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Last Updated: Tuesday, 27 January, 2004, 16:21 GMT
Endowment shortfall may hit 30bn
Millions are relying on endowment policies to pay off their mortgage
The shortfall on endowment mortgages could reach 30bn, according to the UK's main financial watchdog.

The Financial Services Authority (FSA) submitted the estimate to the Treasury Select Committee's inquiry into endowments and long-term savings.

The committee quizzed the heads of the UK's biggest insurance companies on Tuesday over endowment shortfalls.

The head of the Prudential told MPs he regretted any endowment mis-selling by his firm.

Prompt action needed

An FSA spokesman said it had been asked to estimate the shortfall by the Treasury Select Committee.

I was told that it could pay off a mortgage and provide a tidy lump sum at maturity
John Rouse

He added that if policyholders were concerned about the risk of their endowment not paying off all their mortgage, they should act now.

In calculating the figure, the FSA is assuming that 5.3 million policies could have an average shortfall of 5,500 each.

It does not take into account improved investment performance or that people would act on their shortfalls.

The City watchdog has previously estimated up to 3.5 million households could be facing shortfalls.


At the meeting of the select committee on Tuesday a leading insurance executive expressed regret over any endowment mis-selling by his firm.

Jonathan Bloomer, group chief executive of Prudential, told the Treasury Select Committee: "I very much regret any mis-selling that we have done."

Research by the Financial Services Consumer Panel indicates half of endowments may have been mis-sold.

Also at the hearing were the heads of Aviva, Legal & General, Royal & Sun Alliance and Standard Life.

Customer information

MPs accused insurance companies present of not being "upfront" about informing their customers that they could lodge claims for mis-selling.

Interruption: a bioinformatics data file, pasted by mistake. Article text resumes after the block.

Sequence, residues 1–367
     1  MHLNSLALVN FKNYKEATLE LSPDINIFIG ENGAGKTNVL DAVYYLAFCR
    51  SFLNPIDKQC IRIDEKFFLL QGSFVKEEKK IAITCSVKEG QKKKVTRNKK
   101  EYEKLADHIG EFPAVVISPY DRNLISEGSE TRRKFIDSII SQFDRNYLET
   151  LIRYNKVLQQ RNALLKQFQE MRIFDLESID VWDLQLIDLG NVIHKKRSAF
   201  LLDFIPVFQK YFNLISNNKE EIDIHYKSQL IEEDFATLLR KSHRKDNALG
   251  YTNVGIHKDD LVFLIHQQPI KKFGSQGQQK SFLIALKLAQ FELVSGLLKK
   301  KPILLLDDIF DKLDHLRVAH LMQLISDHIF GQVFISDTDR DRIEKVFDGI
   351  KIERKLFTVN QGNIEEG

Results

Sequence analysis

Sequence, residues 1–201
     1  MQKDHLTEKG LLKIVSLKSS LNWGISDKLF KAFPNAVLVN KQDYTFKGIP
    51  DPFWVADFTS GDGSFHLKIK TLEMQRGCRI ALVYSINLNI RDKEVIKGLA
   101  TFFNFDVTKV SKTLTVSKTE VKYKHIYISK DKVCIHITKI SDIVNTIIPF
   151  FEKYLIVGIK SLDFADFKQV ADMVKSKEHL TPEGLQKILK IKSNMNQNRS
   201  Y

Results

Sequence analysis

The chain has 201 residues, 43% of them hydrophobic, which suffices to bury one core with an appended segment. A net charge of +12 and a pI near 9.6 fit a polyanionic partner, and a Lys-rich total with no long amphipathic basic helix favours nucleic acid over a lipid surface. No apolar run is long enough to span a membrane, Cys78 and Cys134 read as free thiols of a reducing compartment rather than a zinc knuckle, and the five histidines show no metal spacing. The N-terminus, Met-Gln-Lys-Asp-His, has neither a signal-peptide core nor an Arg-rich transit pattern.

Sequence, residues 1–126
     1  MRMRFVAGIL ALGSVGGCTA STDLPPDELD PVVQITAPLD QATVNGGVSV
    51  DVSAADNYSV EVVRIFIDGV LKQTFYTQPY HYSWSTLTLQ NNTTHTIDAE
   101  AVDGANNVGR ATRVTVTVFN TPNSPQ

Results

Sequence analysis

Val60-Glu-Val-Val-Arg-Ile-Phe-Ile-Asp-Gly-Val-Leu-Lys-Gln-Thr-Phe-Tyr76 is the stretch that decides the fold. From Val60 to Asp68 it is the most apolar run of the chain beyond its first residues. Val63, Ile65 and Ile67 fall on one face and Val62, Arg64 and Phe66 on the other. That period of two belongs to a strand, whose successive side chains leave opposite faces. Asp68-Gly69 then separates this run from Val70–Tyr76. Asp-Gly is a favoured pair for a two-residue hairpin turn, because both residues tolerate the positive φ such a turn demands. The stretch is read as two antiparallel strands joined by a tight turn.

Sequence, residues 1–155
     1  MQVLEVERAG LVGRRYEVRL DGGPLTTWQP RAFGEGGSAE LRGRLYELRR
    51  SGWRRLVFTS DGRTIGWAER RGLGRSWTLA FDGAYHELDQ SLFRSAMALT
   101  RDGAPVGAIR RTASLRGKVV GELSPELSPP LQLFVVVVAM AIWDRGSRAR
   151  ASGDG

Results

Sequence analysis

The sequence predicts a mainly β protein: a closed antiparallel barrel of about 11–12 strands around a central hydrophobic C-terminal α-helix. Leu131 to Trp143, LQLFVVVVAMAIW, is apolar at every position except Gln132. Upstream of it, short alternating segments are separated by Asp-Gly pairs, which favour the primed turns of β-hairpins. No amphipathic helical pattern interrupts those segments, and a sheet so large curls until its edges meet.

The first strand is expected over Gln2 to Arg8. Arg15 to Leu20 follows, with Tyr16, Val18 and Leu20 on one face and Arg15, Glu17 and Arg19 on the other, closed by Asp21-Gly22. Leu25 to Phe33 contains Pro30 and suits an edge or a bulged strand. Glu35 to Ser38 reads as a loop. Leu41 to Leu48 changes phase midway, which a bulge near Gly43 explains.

Shortfalls and complaints
Standard Life: Average shortfall of 4,900 (February 2003 calculation); 73% red letters and 13% amber
Royal & Sun Alliance: Average shortfall is 7,000; 81% received red letters
Legal & General: Average shortfall of 6,700; 3.8% of policyholders have complained, with 70% of those upheld
Prudential: Average shortfall of 3,500 (Prudential policies) and 5,100 on Scottish Amicable policies
Norwich Union: Average shortfall of 5,650; 4% have complained, with 2% upheld
They remarked that the number of complaints made so far were "staggeringly low".

Only 4% of policyholders at Aviva, which owns Norwich Union, have complained, yet half of these have had their complaints upheld.

None of the insurance companies questioned had informed their endowment customers about how to make a complaint within the text of shortfall warning letters.

Insurance industry chiefs also came under fire for receiving big pay rises at a time when policyholder values were being cut.


Other details of policyholder shortfalls and the level of complaints emerged during the meeting.

As many as 81% of Royal & Sun Alliance endowment holders have received red letters - the highest warning - and its policyholders were facing an average shortfall of 7,000.

Insurance companies said they were upholding more customer complaints.

Millions of people are relying on an endowment policy - a type of life insurance policy - to pay off their mortgage.

Approximately 11 million policies were sold to about six million households.

But falling share prices in recent years means an increasing number of endowment holders are now facing shortfalls on their policies.

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